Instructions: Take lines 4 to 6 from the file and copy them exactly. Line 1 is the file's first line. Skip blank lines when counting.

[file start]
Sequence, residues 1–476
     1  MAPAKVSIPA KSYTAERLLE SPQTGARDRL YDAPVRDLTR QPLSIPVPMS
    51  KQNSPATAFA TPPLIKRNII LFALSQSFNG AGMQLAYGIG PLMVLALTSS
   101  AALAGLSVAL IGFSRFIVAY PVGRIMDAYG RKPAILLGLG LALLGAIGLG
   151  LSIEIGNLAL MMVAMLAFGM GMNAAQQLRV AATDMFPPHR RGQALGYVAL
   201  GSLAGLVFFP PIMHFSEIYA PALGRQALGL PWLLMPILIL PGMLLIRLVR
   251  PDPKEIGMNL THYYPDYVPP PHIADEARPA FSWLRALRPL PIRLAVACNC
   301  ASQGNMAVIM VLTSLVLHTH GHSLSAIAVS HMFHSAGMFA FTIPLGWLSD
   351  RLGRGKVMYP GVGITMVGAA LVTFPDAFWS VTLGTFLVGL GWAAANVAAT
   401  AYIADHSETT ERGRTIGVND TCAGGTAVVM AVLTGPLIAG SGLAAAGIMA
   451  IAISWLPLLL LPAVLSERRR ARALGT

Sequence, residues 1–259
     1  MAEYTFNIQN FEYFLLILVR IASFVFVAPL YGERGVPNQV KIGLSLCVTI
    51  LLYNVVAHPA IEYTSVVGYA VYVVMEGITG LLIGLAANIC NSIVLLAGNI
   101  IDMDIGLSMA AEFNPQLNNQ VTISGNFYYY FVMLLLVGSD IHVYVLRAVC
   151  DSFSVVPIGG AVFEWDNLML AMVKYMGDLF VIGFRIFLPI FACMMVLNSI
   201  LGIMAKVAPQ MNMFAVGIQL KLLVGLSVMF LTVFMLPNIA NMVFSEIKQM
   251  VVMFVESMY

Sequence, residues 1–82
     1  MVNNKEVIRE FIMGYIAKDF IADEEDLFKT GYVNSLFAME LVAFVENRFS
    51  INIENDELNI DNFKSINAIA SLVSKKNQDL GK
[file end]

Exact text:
   101  AALAGLSVAL IGFSRFIVAY PVGRIMDAYG RKPAILLGLG LALLGAIGLG
   151  LSIEIGNLAL MMVAMLAFGM GMNAAQQLRV AATDMFPPHR RGQALGYVAL
   201  GSLAGLVFFP PIMHFSEIYA PALGRQALGL PWLLMPILIL PGMLLIRLVR